Now I'm not one who generally subscribes to the "dog-whistle" theory that candidates (especially conservative candidates) embed sub rosa messages which appeal to their supporters' baser instincts. But I can't help but be struck by an element of the Gingrich campaign's "white paper" on the judiciary that has caused such a stir in recent days and which I obliquely referenced in a post yesterday.
I'll cut right to the heart of it -- Gingrich would undercut a major constitutional ruling that destroyed the Jim Crow system that Democrats imposed upon the South for a century after the end of slavery.
In 1958, all nine sitting justices of the Supreme Court signed on to a judicial opinion in the case Cooper v. Aaron that asserted that the Supreme Court’s interpretation of the Constitution was supreme in importance to the constitutional interpretation of the other two branches of government, and that this judicial supremacy, all nine justices asserted, is a “permanent and indispensable feature of our constitutional system.”
The Supreme Court assertions in Cooper v. Aaron are factually and historically false.
Setting aside the fact that the Gingrich position on judicial review is "factually and historically false" and involves overturning two centuries of American legal and political precedent, let's look at the case that Gingrich is attacking -- Cooper v. Aaron.
It only takes a couple of pictures to show you what that case was about.
This one is iconic.
So is this one.
That's right -- Cooper v. Aaron was the Supreme Court decision that declared that the policy of "massive resistance" to desegregation of public schools must fall in the face of court orders that found that segregation to be unconstitutional. In what be one of the greatest moments in the history of the American judiciary, it held that neither mob rule nor official intransigence could be grounds for denying the essential liberties of American citizens regardless of their race. And I cannot find any way of interpreting this Gingrich campaign document as anything less than an assault on those principles.
By the way -- here's the context of the phrase with which Gingrich is taking issue.
What has been said, in the light of the facts developed, is enough to dispose of the case. However, we should answer the premise of the actions of the Governor and Legislature that they are not bound by our holding in the Brown case. It is necessary only to recall some basic constitutional propositions which are settled doctrine.
Article VI of the Constitution makes the Constitution the "supreme Law of the Land." In 1803, Chief Justice Marshall, speaking for a unanimous Court, referring to the Constitution as "the fundamental and paramount law of the nation," declared in the notable case of Marbury v. Madison, 1 Cranch 137, 177, that "It is emphatically the province and duty of the judicial department to say what the law is." This decision declared the basic principle that the federal judiciary is supreme in the exposition of the law of the Constitution, and that principle has ever since been respected by this Court and the Country as a permanent and indispensable feature of our constitutional system. It follows that the interpretation of the Fourteenth Amendment enunciated by this Court in the Brown case is the supreme law of the land, and Art. VI of the Constitution makes it of binding effect on the States "any Thing in the Constitution or Laws of any State to the Contrary notwithstanding." Every state legislator and executive and judicial officer is solemnly committed by oath taken pursuant to Art. VI, cl. 3, "to support this Constitution." Chief Justice Taney, speaking for a unanimous Court in 1859, said that this requirement reflected the framers' "anxiety to preserve it [the Constitution] in full force, in all its powers, and to guard against resistance to or evasion of its authority, on the part of a State . . . ." Ableman v. Booth, 21 How. 506, 524.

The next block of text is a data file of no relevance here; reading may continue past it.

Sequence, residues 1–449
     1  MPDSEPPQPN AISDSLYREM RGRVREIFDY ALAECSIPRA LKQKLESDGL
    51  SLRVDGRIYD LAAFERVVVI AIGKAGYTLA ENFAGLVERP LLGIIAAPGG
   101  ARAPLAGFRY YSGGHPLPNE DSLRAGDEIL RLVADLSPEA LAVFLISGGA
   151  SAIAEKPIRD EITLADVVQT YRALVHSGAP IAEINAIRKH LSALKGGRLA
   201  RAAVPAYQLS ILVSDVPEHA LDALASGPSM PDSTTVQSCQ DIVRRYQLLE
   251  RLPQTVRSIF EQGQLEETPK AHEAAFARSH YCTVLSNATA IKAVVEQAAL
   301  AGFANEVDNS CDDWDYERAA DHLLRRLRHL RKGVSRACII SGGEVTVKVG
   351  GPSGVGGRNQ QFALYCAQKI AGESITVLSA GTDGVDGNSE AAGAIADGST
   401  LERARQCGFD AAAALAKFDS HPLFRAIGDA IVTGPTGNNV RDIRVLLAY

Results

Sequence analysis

No state legislator or executive or judicial officer can war against the Constitution without violating his undertaking to support it. Chief Justice Marshall spoke for a unanimous Court in saying that: "If the legislatures of the several states may, at will, annul the judgments of the courts of the United States, and destroy the rights acquired under those judgments, the constitution itself becomes a solemn mockery . . . ." United States v. Peters, 5 Cranch 115, 136. A Governor who asserts a power to nullify a federal court order is similarly restrained. If he had such power, said Chief Justice Hughes, in 1932, also for a unanimous Court, "it is manifest that the fiat of a state Governor, and not the Constitution of the United States, would be the supreme law of the land; that the restrictions of the Federal Constitution upon the exercise of state power would be but impotent phrases . . . ." Sterling v. Constantin, 287 U.S. 378, 397 -398.
As you can see, Newt Gingrich proposes undoing not merely a major civil rights decision, but the seminal case of Marbury v. Madison itself, upon which more than two centuries of legal precedent and constitutional understanding have been based.
I'm not always a fan of the decisions made by some of our federal judges. I've ranted and railed against them more than once. But I find the status quo significantly better than the Gingrich proposal, under which an imperial president would undertake to ignore court decisions he did not like and Congress would take a shortcut around the constitutionally mandated impeachment process by simply abolishing the court of any judge whose rulings they disliked. So much for the rule of law.
And more to the point, I find it obscene that a presidential candidate in the Party of Lincoln would dare to hint that Jim Crow should have been allowed to continue even in the face of federal court rulings to the contrary.